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Master matador Dilfer handles reporters

By HUBERT MIZELL

© St. Petersburg Times, published January 24, 2001


TAMPA -- As if in Pamplona, journalistic bulls came running Tuesday, cut loose by NFL security, a thousand or two reporters flooding onto a Raymond James Stadium sideline, hustling for field position at interviews of high-in-demand Super Bowl players.

Watch out, it's mass media!

First the Giants were subjects, then Ravens. Stars from New York and Baltimore were granted the status of individual podiums. Other jocks were stashed in the stands like so many second and third bananas.

Barber, Strahan, Collins, Sehorn and starry associates pontificated from their status porches, to be succeeded by Lewis, Sharpe, Ogden, Woodson and upstyle co-conspirators.

Among the stars, Trent Dilfer.

We remember him when. When, in this same ballpark, No. 12 of the Bucs was unmercifully booed, nastiness echoing Sunday after Sunday in Ray-J pews. Bucs coach Tony Dungy eventually benched Dilfer, and a subsequent injury put Tampa Bay's future in the kiddie quarterbacking hands of Shaun King.

Fired by the Bucs a year ago Thursday, Trent figured he would receive five or six NFL offers. Instead, only the Ravens showed interest. Sobering for the Dilfer psyche. His stock was sub-bearish.

How remarkable now to see No. 8, in a Baltimore uniform trimmed in purple instead of Tampa Bay pewter, speaking from a Super Bowl perch not unlike those occupied in not-so-distant history by QB icons John Elway, Joe Montana, Brett Favre and Steve Young.

"What an experience," Dilfer said. "Great that it's happening in Tampa, too. Not because of vindication or showing 'em, but because I've got so many friends here, including many former Bucs teammates, plus a lot more community support than my critics might believe."

He's still far, far from the NFL's best quarterback. Still winning games due mostly to extraordinary play by defensive brothers, not unlike with the Bucs. But what spicy copy, Dilfer enjoying his most heavenly football moment on Tampa land that not long ago was his scorching football hell.

Oh, the attention ...

Newspaper reporters from Boston, Los Angeles, Chicago, San Francisco, San Diego and Detroit working the Dilfer story, plus a load of note-takers from around here whom he surely recognized. Including some who had salty observations in Trent's time with the Bucs. But he threw no Tuesday barbs.

Electronic media voluminously waved microphone flags beneath Dilfer's goatee. Fox Sports Net. WFAN. HBO. Bloomberg. ESPN. Empire. A dozen radio stations. Florida television channels from Tampa Bay, Orlando, Miami and Fort Myers. Even a mike marked "The Golf Channel."

Sure there was some baiting, giving Trent openings to take stabs at the Bucs, Dungy or Tampa Bay, but the Dilfer fish wasn't biting. Although he did have one somewhat comical, if enlightening, thought regarding Bucs offense.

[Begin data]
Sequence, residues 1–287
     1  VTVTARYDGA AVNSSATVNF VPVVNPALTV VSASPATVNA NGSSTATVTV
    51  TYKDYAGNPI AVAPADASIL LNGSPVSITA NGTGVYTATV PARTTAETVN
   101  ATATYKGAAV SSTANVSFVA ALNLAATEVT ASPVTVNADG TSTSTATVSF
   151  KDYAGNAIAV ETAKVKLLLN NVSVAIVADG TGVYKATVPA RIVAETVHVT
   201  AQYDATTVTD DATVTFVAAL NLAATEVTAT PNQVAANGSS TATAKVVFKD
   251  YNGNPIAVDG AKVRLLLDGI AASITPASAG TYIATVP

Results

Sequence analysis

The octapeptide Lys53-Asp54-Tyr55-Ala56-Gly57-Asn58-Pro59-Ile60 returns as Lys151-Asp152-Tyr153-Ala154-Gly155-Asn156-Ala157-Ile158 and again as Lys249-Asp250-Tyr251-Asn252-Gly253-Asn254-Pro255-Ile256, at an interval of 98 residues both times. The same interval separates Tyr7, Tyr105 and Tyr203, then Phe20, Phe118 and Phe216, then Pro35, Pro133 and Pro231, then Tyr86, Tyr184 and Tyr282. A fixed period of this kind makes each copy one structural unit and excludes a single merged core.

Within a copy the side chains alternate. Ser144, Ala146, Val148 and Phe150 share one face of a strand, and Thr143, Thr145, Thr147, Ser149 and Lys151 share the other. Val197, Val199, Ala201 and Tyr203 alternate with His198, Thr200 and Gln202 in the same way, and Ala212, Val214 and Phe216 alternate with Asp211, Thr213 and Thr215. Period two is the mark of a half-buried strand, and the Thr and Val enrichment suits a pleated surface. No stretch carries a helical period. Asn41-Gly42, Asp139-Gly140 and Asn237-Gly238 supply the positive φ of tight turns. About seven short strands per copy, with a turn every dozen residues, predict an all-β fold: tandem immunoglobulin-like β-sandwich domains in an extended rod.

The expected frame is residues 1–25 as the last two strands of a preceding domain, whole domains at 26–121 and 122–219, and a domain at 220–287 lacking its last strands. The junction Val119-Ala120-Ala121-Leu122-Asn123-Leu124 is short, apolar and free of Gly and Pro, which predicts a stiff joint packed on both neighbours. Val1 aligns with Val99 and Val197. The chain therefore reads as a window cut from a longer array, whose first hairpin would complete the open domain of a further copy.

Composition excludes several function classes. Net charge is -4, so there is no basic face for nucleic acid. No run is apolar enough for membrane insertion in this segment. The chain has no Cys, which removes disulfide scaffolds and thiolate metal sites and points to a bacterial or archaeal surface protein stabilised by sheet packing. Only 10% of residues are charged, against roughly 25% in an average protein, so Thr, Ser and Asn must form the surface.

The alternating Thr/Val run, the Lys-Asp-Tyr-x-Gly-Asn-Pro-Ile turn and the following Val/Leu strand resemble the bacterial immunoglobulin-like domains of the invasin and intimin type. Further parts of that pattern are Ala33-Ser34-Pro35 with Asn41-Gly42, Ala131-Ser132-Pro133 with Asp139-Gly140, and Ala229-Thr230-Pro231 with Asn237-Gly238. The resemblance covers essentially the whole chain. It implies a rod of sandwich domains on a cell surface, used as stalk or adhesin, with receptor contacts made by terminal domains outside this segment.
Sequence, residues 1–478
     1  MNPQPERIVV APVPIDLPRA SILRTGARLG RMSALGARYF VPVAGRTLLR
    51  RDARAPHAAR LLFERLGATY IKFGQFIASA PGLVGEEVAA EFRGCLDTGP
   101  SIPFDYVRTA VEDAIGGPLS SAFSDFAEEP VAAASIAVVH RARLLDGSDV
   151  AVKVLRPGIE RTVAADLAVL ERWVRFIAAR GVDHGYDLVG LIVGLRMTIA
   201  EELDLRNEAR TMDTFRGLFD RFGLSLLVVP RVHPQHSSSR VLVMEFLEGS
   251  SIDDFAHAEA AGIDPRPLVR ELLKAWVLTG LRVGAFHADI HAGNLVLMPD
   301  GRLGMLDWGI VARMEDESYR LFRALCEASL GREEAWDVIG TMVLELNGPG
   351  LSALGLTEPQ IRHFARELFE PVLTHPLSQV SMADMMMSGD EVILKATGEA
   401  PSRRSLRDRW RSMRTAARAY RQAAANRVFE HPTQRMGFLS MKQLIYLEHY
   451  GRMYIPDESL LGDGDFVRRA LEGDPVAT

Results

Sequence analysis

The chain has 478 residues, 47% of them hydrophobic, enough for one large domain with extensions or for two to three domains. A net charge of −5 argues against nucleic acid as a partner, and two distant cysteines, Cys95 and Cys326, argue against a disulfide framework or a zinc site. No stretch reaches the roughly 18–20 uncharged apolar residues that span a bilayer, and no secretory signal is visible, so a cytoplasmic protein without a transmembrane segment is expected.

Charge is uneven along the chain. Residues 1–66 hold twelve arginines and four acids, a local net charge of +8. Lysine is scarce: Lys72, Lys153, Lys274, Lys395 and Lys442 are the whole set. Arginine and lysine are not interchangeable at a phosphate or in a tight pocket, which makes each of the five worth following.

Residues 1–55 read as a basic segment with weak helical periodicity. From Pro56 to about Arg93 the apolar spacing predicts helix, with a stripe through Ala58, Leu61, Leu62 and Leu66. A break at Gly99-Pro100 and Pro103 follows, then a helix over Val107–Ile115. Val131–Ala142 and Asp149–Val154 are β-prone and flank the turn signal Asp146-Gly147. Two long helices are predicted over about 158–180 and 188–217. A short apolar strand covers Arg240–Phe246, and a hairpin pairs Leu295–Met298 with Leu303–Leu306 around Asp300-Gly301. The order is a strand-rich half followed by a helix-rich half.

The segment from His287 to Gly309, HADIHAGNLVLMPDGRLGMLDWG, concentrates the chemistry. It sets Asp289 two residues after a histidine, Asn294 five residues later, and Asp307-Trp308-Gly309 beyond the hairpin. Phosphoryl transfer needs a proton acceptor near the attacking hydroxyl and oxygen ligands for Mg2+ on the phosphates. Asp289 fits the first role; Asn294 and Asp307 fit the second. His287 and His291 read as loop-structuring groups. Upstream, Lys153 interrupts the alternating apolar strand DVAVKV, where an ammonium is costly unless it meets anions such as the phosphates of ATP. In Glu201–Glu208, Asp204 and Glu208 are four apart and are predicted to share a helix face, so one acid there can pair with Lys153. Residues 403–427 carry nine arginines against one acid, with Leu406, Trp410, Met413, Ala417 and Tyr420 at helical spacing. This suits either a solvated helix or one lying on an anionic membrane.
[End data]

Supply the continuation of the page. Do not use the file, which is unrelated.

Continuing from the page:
"For me, the defining moment in this Ravens season came in our playoff game at Tennessee," No. 8 said. "I threw an interception that was returned for a touchdown, which seemed to have doomed us.

"Next time I was in the huddle, I saw 10 faces that not only clearly believed in me but also believed we were going to score in the final two minutes and pull out the game.

"That's something I never had in Tampa. I might see seven faces that believed in me, or five. Always one for sure. Mike Alstott never quit sticking with me." Trent laughed, but his point had a serious swatch.

Midway through his Tuesday appearance, Trent was facing 18 television cameras. He wasn't getting quite the attention of linebacker Ray Lewis, tight end Shannon Sharpe or wisecracking defensive tackle Tony Siragusa, but Dilfer was nonetheless a star, surely in part because the stage was on familiar grassy ground in Tampa.

Trent dealt with bad Bucs days, almost never losing his smile. Most notably the 1999 season opener when these same Giants intercepted three Dilfer passes and stole a Ray-J game from the Bucs. Clearly, that was the beginning of the Tampa Bay end for the fellow from Fresno State.

"Ironically, I had played a really solid first half," Dilfer said. "We should've had the game won but I then played the absolute worst 10 minutes of football in my life. It was awful. I was dreadful."

Around here, everybody remembers.

Monday night, shortly after Baltimore's charter plane arrived, Trent had dinner with buddies from the Bucs including John Lynch, Dave Moore and Eric Zeier.

"Even though I knew it was the best thing for me to leave Tampa," Dilfer said, "it was hard to go. I love the town. I love those guys. I will always be friends with so many of the Bucs. I cheer for them now."

He did 50 media-intense minutes with class, restraint and appreciation. It's probably good that Trent Dilfer is gone from the Bucs, but it was good too to see him back. Grinning. Soaking the chilled Florida sunshine. Hugging the moment.

As the world took notice.

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